If Uber riders accidentally leave their smartphones or any other items in an Uber car, the ride-hailing company might charge them $15 when they get their items returned by the driver. This is just one of the changes that will be implemented in August as part of company’s mission to improve their relationship with their drivers. Uber is also implementing a 24/7 driver support hotline and faster documentation of reviews. The $15 fee will be given to drivers that return items to their rightful owner.

Don't forget your belongings

Prior to this new policy, when riders forgot their phones inside an Uber car, they would have to plead with the driver to return the items.

Sometimes the driver eventually returned the items, however, more often than not, drivers opted not to return the belongings. With the new policy, drivers can report to Uber that they have returned an item to a passenger and be credited $15 for their trouble. The driver will then receive the compensation a few days after the passenger is charged. However, an uber driver said that that amount is not really enough for an hour of lost time just to return an item, especially when compared to spending the same amount of time giving rides to passengers.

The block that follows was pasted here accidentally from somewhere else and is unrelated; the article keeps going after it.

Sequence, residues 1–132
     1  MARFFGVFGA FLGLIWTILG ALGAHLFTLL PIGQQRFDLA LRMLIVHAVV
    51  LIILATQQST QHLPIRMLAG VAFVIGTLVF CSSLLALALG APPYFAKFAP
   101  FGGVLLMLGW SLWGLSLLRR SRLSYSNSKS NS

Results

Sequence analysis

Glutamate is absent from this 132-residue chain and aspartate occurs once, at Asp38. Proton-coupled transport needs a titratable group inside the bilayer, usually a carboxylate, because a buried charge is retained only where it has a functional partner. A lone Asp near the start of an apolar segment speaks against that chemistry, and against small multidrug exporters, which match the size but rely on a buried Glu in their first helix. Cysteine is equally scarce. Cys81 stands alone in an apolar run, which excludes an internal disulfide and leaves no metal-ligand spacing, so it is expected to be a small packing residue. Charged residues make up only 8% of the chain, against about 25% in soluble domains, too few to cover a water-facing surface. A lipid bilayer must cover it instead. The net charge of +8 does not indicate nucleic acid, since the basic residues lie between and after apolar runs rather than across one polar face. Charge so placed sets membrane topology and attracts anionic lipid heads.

Uber addresses driver feedback

The ride-hailing giant doesn’t exactly have an ideal relationship with their drivers. To fix this problem, the company will also implement a 24/7 driver support hotline.

Uber is known for their slow responses when it comes to addressing drivers’ concerns and inquiries. With the implementation of the hotline, issues could be resolved in a more timely manner – at least in theory. Moreover, the company also implemented an in-app tipping option last month.

Improving the company’s image

The company has been trying their best to improve their reputation amid all the controversies they have faced for the past several months.

Higher-ups within the company have been accused of sexual harassment -- leading to the eventual exit of their former CEO (Travis Kalanick) and others.

Earlier this year, Uber was given a fine of $20 million for providing incorrect information to their drivers regarding their potential income as independent contractors. Harry Campbell, an Uber driver who also runs his own blog, said that: “They are fixing things around the edges, but at the end of the day, the things drivers care about are those affecting their bottom line,” according to a report by Business Insider.